Thursday, July 18, 2013

We can, therefore we must! Does this surprise anyone? Wait until you see what your cable box knows about you. (Can I get this information to prove I was somewhere else when a crime happened?)
ACLU – Police Documents on License Plate Scanners Reveal Mass Tracking
By Catherine Crump, Staff Attorney, ACLU Speech, Privacy and Technology Project: “Automatic license plate readers are the most widespread location tracking technology you’ve probably never heard of. Mounted on patrol cars or stationary objects like bridges, they snap photos of every passing car, recording their plate numbers, times, and locations. At first the captured plate data was used just to check against lists of cars law enforcement hoped to locate for various reasons (to act on arrest warrants, find stolen cars, etc.). But increasingly, all of this data is being fed into massive databases that contain the location information of many millions of innocent Americans stretching back for months or even years.”

A lengthy piece by Hamden Rice on Daily Kos will be unpopular with those who don’t want to hear that the NSA programs disclosed by Edward Snowden are constitutional, but is well worth reading.

It's not as abstract as you might think...
From the Office of the Information and Privacy Commissioner:
Since the recent revelations of the NSA’s sweeping surveillance of the public’s metadata, the term “metadata” has been regularly used in the media, frequently without any explanation of its meaning. Metadata’s reach can be extensive – including information that reveals the time and duration of a communication, the particular devices used, email addresses, or numbers contacted, which kinds of communications services were used, and at what geolocations. And since virtually every device we use has a unique identifying number, our communications and Internet activities may be linked and traced with relative ease – ultimately back to the individuals involved.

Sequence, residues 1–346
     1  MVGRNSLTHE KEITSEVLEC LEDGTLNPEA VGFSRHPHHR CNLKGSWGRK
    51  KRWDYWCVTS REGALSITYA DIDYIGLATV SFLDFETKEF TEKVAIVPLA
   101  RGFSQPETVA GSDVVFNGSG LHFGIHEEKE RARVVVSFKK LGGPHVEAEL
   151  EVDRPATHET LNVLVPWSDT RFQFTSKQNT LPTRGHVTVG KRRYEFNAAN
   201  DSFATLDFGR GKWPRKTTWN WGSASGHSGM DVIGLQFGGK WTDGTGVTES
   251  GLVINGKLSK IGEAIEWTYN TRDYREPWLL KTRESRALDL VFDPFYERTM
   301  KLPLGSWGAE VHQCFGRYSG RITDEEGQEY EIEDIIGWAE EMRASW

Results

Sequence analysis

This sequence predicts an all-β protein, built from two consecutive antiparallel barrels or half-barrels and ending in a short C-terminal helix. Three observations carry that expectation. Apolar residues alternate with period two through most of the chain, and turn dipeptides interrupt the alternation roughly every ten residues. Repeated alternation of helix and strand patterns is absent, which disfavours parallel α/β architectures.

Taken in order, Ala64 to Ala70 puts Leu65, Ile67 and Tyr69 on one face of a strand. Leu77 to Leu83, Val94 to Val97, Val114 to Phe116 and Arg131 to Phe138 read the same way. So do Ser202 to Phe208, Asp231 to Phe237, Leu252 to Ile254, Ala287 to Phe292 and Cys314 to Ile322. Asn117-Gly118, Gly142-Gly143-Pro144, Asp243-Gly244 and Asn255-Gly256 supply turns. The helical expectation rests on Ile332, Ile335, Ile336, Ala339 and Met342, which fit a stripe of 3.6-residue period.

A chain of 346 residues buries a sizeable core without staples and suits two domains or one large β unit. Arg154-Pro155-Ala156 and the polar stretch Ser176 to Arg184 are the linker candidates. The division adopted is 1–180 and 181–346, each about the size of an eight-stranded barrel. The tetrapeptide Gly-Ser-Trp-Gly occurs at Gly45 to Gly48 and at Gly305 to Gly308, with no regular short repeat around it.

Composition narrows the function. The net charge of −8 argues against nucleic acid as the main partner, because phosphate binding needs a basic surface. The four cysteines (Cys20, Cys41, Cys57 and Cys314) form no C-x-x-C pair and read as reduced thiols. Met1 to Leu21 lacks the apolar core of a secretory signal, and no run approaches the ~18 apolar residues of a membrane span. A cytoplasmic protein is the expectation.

All this metadata is collected and retained by communications service providers for varying periods of time and, for legitimate business purposes. Key questions arise, however, including who else has access to all this information, and for what purposes? Senior U.S. government officials have been defending their sweeping and systemic seizure of the public’s personal communications on the basis that it is “only metadata.” They say it is neither sensitive nor privacy-invasive since it does not access any of the content contained in the associated communications.
A Primer on Metadata: Separating Fact from Fiction, explains that metadata can actually be more revealing than accessing the content of our communications. The paper aims to provide a clear understanding of metadata and disputes popular claims that the information being captured is neither sensitive, nor privacy-invasive, since it does not access any content. Given the implications for privacy and freedom, it is critical that we all question the dated, but ever-so prevalent either/or, zero-sum mindset to privacy vs. security. Instead, what is needed are proactive measures designed to provide for both security and privacy, in an accountable and transparent manner.
So Canada gets it. Now why can’t our Congress do something to protect our privacy from this bulk collection?

I've been tracking 'do not track'
EPIC: Working Group Rejects Industry Do Not Track Proposal
“The World Wide Web Consortium has rejected a Do Not Track standard proposed by the online advertising industry. The industry proposal would have allowed advertising companies to continue to collect data about the browsing activities of consumers, but would have limited the way companies could characterize users based on that data. The group stated that industry’s proposal was “less protective of privacy and user choice than their earlier initiatives.” Senator Rockefeller, the Commerce Committee Chairman, has introduced legislation to regulate the commercial surveillance of consumers online. EPIC has previously recommended to Congress that an effective Do Not Track initiative would need to ensure that a consumer’s decision is “enforceable, persistent, transparent, and simple.” For more information, see EPIC: Online Tracking and Behavioral Profiling.”

Only 63?
Group of tech giants to demand greater NSA transparency